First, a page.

The instructor plays a crucial role as a facilitator in experiential learning. When students are motivated to learn, the instructor guides the process instead of directing it. The following steps are important for the instructor to keep in mind when facilitating experiential learning (UC-Davis, 2011 and Wurdinger & Carlson, 2010):

  • Be prepared to take a less dominant role in the classroom
  • Approach the learning process with positivity and without dominating it
  • Choose a project that students will be enthusiastic about and invested in
  • Explain the aim of the experiential learning scenario to the students
  • Connect the course’s learning objectives to hands-on activities and opportunities to ensure student understanding

Best practices to integrate experiential learning

Experiential learning provides opportunities for students to develop problem-solving, teamwork, collaboration, self-discovery, and self-reflection skills. Educators must choose experiences that challenge students and help them acquire new knowledge and skills. Here are some key ideas to keep in mind when incorporating experiential learning into your instruction:

1. Planning to start experiential learning 

Once the experiential learning activity/engagement has been selected, plan the activity by connecting it to the course learning objectives and identifying the prerequisites for the exercise (resources such as readings and worksheets, research, rubrics, supplies, and directions to off-campus locations, etc.).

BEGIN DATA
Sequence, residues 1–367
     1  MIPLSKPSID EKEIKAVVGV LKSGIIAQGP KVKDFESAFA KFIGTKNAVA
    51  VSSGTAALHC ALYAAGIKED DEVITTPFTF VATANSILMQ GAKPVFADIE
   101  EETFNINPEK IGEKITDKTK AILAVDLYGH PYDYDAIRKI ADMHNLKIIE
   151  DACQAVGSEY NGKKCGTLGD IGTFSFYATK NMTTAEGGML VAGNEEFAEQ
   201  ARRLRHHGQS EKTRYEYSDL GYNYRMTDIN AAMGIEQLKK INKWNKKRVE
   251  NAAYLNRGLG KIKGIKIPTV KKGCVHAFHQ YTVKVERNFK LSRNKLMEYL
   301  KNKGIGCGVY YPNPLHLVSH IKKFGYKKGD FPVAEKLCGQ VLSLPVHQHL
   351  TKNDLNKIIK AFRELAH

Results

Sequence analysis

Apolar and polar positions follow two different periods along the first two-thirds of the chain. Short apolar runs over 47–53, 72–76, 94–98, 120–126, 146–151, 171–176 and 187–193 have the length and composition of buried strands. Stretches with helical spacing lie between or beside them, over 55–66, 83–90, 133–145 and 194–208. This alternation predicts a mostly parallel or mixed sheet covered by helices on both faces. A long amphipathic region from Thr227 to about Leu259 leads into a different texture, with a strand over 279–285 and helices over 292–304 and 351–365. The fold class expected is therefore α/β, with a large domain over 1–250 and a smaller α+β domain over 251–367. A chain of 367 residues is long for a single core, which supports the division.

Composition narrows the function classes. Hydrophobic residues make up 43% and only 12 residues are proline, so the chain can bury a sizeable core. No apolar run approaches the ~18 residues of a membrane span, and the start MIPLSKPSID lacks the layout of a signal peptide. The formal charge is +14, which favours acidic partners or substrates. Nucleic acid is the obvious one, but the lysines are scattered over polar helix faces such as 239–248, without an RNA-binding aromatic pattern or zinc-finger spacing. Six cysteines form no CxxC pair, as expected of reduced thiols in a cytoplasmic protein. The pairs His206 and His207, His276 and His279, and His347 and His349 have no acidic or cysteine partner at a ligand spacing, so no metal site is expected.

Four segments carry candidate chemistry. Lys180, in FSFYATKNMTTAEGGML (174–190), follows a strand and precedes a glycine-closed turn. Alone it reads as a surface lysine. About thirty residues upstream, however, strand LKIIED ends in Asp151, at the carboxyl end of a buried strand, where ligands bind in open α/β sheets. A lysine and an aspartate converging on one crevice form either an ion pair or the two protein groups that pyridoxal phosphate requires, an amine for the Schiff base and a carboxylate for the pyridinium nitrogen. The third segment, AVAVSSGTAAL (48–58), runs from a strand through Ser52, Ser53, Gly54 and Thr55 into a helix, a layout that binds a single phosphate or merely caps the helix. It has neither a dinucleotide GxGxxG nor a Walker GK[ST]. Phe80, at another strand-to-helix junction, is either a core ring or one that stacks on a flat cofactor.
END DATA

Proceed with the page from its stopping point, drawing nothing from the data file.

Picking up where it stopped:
Additionally, decide on the logistics: How long will it take the students to complete the experience (a full class period, a week, or more)? Will students be expected to labor after class hours? How will the session conclude? What types of evaluation will you use? Will you utilize self-and/or peer assessments, end-of-experience assessments like written reports and projects, ongoing assessments like observations and journals (referred to as formative assessments), or a combination of all three?

2. Preparation of the resources required

After planning, prepare necessary resources, rubrics, and assessment tools and ensure everything is ready before the start of the experience.

3. Facilitation

As with other teaching methods, the teacher should initiate the activity. Instead of providing all the content and answers to students, guide them as they find solutions on their own.

4. Evaluation

The success of the experiential learning exercise can be evaluated through discussions, reflections, and debriefing sessions. Debriefing helps extend and reinforce learning as a final experience. Utilize the previously planned assessment strategies for evaluation.

Experiential learning is an effective method to deepen understanding of any topic. Students benefit in many ways, including improved comprehension of course content, increased effectiveness in learning, heightened engagement, better memory retention, opportunities to collaborate with others, heightened confidence in the subject matter, and development of soft skills.